#1 Posted: 9 May 2014 11:01
Recognized as one of the greatest basketball players to ever play the game, Earvin «Magic» Johnson is also successful in business, perhaps even more so. He is known for guiding typical suburban businesses into urban America. On the basketball court, he played to win by understanding and defeating his competition. In business, he wins by understanding his customers and offering them something of value.
I recently had the opportunity to sit in on a question-and-answer session with this legend in sports and business. When he was asked about his greatest successes and greatest failures, he noted that the key to success was an understanding of what the customers wanted. Conversely, he attributed his failures to the lack of understanding. This one quality was the determining factor. No matter how nice you are or how nice your product, if you don't understand your customers their experience will fall short.
Magic gave an example of a business failure. His Magic 32 retail store, which sold Magic Johnson merchandise and other high-end sporting goods, had a strong start, but it ended up closing in less than a year. Magic couldn't understand why sales went downhill and the initial «magic» wore off. Someone else pointed out to him, «You are trying to sell us the stuff you like. Not what we like.» Magic didn't understand what the customer wanted.
Magic chalked that up to a learning experience and as he pursued other ventures, he remembered that lesson: the success of any business is about understanding the customer.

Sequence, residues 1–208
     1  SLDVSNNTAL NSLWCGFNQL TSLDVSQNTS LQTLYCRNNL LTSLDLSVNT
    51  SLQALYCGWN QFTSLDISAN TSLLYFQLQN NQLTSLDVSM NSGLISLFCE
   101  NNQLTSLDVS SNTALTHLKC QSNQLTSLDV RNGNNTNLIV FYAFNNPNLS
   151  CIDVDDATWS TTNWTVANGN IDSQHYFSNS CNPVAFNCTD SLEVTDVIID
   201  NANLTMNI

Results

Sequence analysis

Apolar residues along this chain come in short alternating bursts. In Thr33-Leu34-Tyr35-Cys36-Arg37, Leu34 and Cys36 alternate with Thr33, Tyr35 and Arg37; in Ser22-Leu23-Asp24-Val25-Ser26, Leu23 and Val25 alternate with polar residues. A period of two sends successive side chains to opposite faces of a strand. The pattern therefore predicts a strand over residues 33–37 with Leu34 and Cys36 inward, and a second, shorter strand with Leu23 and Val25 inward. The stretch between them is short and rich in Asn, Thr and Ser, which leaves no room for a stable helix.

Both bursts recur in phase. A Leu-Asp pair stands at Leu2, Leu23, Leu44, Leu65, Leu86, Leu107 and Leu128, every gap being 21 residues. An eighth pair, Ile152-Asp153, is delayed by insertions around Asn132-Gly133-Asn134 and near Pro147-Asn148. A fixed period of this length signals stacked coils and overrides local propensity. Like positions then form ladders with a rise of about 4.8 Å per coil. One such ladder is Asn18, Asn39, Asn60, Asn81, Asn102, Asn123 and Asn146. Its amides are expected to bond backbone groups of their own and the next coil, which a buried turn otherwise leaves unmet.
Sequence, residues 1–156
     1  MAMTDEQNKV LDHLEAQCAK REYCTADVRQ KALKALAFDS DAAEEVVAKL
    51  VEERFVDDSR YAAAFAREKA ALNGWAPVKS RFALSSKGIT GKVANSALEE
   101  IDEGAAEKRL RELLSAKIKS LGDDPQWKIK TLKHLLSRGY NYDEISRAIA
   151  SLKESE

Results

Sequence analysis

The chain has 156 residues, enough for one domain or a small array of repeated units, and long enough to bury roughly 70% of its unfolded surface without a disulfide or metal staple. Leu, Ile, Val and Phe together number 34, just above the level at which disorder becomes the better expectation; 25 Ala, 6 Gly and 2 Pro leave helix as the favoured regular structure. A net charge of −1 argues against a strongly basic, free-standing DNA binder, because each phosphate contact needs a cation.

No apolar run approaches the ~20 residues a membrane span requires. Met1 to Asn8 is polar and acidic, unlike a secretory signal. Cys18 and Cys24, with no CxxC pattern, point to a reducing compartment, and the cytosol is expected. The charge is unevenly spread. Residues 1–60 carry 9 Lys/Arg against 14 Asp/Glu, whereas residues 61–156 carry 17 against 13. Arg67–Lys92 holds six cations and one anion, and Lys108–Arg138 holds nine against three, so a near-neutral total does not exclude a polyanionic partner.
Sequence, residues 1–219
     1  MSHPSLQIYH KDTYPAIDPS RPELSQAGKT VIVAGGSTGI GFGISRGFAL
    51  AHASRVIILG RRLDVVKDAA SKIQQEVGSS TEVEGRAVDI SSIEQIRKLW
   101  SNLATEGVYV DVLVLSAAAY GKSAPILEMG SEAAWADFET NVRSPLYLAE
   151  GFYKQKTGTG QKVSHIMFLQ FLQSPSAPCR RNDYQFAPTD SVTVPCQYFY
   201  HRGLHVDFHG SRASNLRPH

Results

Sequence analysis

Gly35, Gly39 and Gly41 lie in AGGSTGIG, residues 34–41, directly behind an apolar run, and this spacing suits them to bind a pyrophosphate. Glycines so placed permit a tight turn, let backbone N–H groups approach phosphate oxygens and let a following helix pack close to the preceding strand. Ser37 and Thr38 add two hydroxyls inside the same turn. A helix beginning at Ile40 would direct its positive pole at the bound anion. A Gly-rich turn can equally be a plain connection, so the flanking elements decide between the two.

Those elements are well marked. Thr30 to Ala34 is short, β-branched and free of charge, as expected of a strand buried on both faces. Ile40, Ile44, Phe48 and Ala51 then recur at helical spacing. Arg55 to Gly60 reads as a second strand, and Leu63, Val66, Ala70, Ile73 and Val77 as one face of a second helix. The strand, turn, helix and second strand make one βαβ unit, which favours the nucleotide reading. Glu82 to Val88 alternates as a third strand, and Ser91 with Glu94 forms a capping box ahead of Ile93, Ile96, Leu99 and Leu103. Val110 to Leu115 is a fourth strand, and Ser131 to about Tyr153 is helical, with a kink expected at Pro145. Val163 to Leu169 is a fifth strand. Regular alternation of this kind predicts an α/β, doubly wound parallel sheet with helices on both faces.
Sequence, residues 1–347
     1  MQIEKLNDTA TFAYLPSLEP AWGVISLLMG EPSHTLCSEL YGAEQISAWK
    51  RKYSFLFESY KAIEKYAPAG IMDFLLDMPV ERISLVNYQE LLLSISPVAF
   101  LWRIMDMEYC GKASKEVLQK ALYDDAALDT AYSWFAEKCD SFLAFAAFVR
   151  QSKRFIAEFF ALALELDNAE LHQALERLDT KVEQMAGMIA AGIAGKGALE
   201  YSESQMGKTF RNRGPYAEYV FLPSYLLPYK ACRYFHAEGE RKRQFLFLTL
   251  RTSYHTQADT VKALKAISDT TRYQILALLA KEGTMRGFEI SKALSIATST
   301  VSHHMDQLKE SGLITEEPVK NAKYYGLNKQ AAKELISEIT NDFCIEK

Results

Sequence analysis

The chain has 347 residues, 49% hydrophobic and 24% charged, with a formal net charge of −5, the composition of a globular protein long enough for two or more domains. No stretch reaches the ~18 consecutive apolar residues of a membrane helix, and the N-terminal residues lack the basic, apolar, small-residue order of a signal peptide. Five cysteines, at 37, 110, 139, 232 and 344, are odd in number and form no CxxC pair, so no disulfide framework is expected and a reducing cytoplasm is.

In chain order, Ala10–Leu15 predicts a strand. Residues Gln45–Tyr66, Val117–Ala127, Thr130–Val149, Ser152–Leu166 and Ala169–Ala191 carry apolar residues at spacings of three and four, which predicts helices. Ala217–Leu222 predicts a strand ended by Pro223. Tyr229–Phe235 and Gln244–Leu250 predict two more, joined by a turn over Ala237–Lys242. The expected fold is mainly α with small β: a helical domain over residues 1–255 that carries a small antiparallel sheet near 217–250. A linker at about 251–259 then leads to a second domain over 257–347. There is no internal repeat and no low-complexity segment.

Magic went on to describe his proudest business success story. Grinning from ear to ear, he told us of his Starbucks experience. Magic recognized the popularity of the Starbucks brand, but he noticed that Starbucks didn't have any locations in urban neighborhoods, and he believed that the chain was missing out on the buying power of minorities. He placed a phone call to the CEO of Starbucks, Howard Schultz, and told him, «Howard, black people like to drink coffee, too.» That initial conversation eventually led to a chain of 125 urban Starbucks stores. But remember Magic's emphasis on understanding the customer — he knew that some changes were necessary. He swapped out some unfamiliar food items with others that would be more appealing to his customers, and changed the atmosphere with different background music. He never forgot the business lesson of giving the customers what they want.
Do you think of your business offerings in terms of what the customer wants? Do you know what your customers want (or don't want)? If you can gain a true understanding of your customers' wants and then focus on delivering that, you will enhance the customer experience and be well on your way to success.